Medicolegal Issues

Protect the Platelets


 

The frequency of drug-induced thrombocytopenia (DIT) in acutely ill patients is thought to be up to 25%, making it a common problem.1,2

Hundreds of drugs have been identified as causing DIT, due to either accelerated immune-mediated platelet destruction, decreased platelet production (bone marrow suppression), or platelet aggregation. The latter is the case in heparin-induced thrombocytopenia and thrombosis (HITT). DIT should be suspected in any patient who presents with acute thrombocytopenia from an unknown cause.3

First-time Generics

  • Clarithromycin extended-release tablets (Biaxin XL);
  • Granisetron 1 mg tablets (generic Kytril);
  • Ipratropium Bromide 0.5 mg/Albuterol Sulfate 3 mg Inhalation Solution (generic DuoNeb); and
  • Octreotide acetate injection (generic Sandostatin).

Normal adult platelet counts usually are in the range of 140,000 to 450,000/mm3. A patient who presents with severe thrombocytopenia (less than 20,000 platelets/mm3) should strongly be suspected as having a drug-induced cause.

A patient also can present with moderate to severe thrombocytopenia (less than 50,000 platelets/mm3) and spontaneous bleeding from a drug-induced cause. The spontaneous bleeding can take the form of simple petechiae or ecchymoses, as well as mucosal bleeding or life-threatening intracranial or gastrointestinal hemorrhage. It may also present itself as bleeding around catheter insertion sites.

When DIT occurs, platelet count usually falls within two to three days of taking a drug that’s been taken before, or seven or more days after starting a drug the patient has not been exposed to. Once the offending drug is discontinued, platelet counts usually recover within 10 days.

Exclusions of other causes of thrombocytopenia, such as inflammatory processes and congenital disorders, as well as nondrug causes including sepsis, malignancy, extensive burns, chronic alcoholism, human immunodeficiency virus, splenomegaly, and disseminated intravascular coagulation, become part of the differential diagnosis.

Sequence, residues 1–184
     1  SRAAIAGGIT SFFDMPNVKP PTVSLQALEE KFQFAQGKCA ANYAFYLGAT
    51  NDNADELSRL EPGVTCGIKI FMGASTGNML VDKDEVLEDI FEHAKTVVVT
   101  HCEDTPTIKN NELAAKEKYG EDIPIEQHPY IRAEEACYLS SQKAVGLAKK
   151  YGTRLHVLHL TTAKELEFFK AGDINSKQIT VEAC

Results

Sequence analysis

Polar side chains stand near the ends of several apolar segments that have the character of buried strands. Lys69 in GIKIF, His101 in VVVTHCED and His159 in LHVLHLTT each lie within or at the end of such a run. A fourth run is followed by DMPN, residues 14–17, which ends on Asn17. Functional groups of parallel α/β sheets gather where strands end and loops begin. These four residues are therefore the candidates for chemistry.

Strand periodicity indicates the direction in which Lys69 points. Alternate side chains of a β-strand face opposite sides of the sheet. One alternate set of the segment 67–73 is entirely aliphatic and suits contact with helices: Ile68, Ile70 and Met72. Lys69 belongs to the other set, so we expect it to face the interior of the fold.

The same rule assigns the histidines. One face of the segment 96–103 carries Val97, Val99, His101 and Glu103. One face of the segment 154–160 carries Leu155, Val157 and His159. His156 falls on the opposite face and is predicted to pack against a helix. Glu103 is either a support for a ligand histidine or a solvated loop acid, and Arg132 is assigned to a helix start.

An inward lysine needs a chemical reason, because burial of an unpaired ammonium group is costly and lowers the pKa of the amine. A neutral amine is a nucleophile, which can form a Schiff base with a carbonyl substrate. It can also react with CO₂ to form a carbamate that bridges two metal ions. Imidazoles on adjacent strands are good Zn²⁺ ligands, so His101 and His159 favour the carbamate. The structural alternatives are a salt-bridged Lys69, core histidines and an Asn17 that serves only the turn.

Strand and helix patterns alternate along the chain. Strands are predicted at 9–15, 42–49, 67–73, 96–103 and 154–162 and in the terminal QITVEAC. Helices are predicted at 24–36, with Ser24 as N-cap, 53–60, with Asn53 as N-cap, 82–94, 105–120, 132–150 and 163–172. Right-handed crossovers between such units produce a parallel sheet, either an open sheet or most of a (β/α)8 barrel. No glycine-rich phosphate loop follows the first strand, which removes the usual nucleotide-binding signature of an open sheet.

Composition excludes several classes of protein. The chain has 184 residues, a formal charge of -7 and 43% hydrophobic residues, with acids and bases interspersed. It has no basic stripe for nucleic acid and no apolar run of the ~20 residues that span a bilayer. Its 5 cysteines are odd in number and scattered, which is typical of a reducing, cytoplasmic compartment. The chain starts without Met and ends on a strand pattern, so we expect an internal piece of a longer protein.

Generally, the frequency and severity of bleeding manifestations correlate with the actual platelet count. Patients with a platelet count of less than 50,000/mm3 have an increased risk of spontaneous hemorrhage, but the severity may vary. Other risk factors include advanced age, bleeding history, and general bleeding diatheses.

A thorough physical examination and drug history are essential. Agents commonly associated with thrombocytopenia should be identified first followed by a more extensive review for other causes. A careful drug history should include prescriptions, over-the-counter medications (specifically quinine and acetaminophen), dietary supplements, folk remedies, other complementary and alternative therapies, and vaccinations.

The Agents

The top two suspects for DIT are antineoplastic agents and heparin. After these two, the agents most frequently associated with DIT development include:

  • Quinine/quinidine;
  • Phenytoin;
  • Sulfonamide antibiotics;
  • Cimetidine;
  • Ranitidine;
  • Rifampin/rifampicin;
  • Carbamazepine;
  • Thiazide diuretics;
  • Penicillin;
  • Oral antidiabetic drugs;
  • Nonsteroidal anti-inflammatory drugs;
  • Gold salts; and
  • Procainamide.

A complete list of all case reports describing DIT, organized by generic

drug names, is available online at http://w3.ouhsc.edu/platelets/ditp.html.4

Management

Removal of the potentially offending agent, if known, is prudent before clinically significant bleeding occurs. If the offending agent is not discontinued, the platelet count will continue to decrease and bleeding will become more severe. If necessary, an alternate agent with a similar pharmacologic effect can be started. Daily platelet count monitoring is also recommended for management. Rare cases may require platelet transfusions, intravenous immunoglobulin therapy or plasmapheresis.

A complete blood count and peripheral blood smear may provide important indications into the mechanism of the disorder, but they’re not necessary for patient management. TH